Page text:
Bhopaul, Or Bopal

Bhopaul, Or Bopal. I. A native state of Malwah, Hindostan, between lat. 22° 32' and 23° 46' N, and lon. 76° 25' and 78° 50' E., traversed partly by the Vindhya mountains and watered by the Nerbudda and other rivers; area nearly 7,000 sq. m.; pop. about 600,000, chiefly Hindoos. The territory is ruled by a nawaub under the political tutelage of Great Britain. Dost Mohammed Khan, an Afghan, conquered Bhopaul in 1723. Since 1818 the English have asserted their political ascendancy, but not without many complications. During the sepoy rebellion in 1857-'8, the Bhopaul mutineers were defeated Jan. 12, 1858, by Gen. Rose, and a number of them were put to death. II. A town, capital of the state, and the seat of the British political resident, about 300 m. S.W. of Allahabad. The old fortifications of the town are dilapidated.


Bhutan. See Bootan.


Biafra. I. A small kingdom of W. Africa, on the bight or bay of the same name. It lies between the equator and hit. 5° N., and extends only a small distance into the interior. The principal town, of the same name, is situated not far from the coast. II. Bight of, the eastern part of the gulf of Guinea, extending from Cape Formosa on the north to Cape Lopez on the south. The delta of the Niger projects between it and the bight of Benin, some of the mouths of that river being upon either bay. it also receives the rivers Old Calabar, Cameroons, and Gaboon. It contains, the islands of Fernando Po. belonging to Spain, and Principe and St. Thomas, to Portugal.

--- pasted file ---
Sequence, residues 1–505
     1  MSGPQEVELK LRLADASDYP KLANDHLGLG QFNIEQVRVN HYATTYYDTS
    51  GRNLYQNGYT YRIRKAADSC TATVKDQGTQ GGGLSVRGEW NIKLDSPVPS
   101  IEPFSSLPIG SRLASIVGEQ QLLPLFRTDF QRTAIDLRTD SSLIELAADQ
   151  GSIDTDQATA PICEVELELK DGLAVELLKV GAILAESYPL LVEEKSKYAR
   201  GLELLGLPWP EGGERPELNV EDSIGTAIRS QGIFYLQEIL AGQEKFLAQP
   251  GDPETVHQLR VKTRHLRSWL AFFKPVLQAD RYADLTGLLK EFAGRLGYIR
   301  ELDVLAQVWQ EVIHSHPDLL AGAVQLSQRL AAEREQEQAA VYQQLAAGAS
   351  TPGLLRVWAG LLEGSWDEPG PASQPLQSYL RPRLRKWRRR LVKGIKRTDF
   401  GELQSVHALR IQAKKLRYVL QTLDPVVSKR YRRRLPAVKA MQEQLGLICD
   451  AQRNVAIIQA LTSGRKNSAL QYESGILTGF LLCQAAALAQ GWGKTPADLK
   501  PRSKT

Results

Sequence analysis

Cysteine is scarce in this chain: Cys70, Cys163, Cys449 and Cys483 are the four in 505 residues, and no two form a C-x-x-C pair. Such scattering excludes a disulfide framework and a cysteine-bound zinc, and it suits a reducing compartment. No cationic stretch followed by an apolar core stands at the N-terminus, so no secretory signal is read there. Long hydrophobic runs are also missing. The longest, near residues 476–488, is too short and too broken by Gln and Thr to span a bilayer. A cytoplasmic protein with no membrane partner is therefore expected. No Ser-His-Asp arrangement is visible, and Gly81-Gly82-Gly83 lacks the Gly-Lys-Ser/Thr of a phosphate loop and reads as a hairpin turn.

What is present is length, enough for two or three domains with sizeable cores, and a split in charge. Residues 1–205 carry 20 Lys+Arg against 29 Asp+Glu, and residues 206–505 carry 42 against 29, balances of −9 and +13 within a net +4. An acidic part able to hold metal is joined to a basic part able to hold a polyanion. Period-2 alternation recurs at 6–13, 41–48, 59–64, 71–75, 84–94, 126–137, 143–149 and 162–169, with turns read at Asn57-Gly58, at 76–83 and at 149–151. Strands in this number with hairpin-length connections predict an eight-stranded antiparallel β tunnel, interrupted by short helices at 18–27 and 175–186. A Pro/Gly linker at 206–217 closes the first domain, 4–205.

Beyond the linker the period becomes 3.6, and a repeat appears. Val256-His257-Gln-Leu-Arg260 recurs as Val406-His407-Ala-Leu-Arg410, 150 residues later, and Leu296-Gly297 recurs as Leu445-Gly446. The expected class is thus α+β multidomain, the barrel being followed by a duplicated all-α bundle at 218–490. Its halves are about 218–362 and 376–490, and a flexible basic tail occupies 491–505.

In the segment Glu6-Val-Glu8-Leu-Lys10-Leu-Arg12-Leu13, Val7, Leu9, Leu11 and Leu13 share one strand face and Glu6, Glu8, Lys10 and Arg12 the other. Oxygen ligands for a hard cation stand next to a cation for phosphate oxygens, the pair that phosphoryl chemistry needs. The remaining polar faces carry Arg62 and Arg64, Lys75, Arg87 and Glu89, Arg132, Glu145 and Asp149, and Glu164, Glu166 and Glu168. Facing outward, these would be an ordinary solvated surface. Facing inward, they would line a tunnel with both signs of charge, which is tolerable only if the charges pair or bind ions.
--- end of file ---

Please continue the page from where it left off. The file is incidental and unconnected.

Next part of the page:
Bialystok (Ruse. Bielostok), a town of Russia, in the government of Grodno, formerly in the Polish province of Podlachia, on a small tributary of the Narew, capital of a circle of the same name, 46 m. S. W. of Grodno; pop. in 1869, 16.985, about 12,000 of whom are Jews and nearly 4,000 Roman Catholics. The town is well built, mostly with one-story brick houses. It has a beautiful castle, formerly belonging to the counts Rranicki, but now to the municipality, adjoining which are superb pleasure grounds. Leather, cloth, cotton and woollen goods, soap, and other articles are manufactured, and there is an active trade, chiefly in grain and timber, with Poland, the fairs being very lively. Together with the territory now forming the circle, the town was transferred to Prussia at the partition of Poland in 1795, and in 1807 to Russia by the treaty of Tilsit, when this part of Podlachia was formed into a separate district, subsequently united with Grodno.

Bianchini Francesco

Bianchini Francesco, an Italian astronomer and author, born in Verona, Dec. 13, 1662, died in Rome, March 2, 1729. He studied under Montanari, and, though he took holy orders, he devoted himself to science. His merits won for him a high position under four successive popes; he became secretary of a committee for the reform of the calendar, drew a meridian line through Italy, but did not complete this work, superintended the antiquities of Rome, and proposed the establishment of a museum of sacred monuments. He was an associate member of the French academy, and was ennobled. His works include Istoria universale promta con monumenti (Rome, 1697); a volume of his astronomical and geographical observations (Verona, 1737); Opm-cula Varia (2 vols., 1754); and an edition of the Vitm Romanorum Pontificum by Anasta-sius, which was finished by his nephew (4 vols., 1718-34).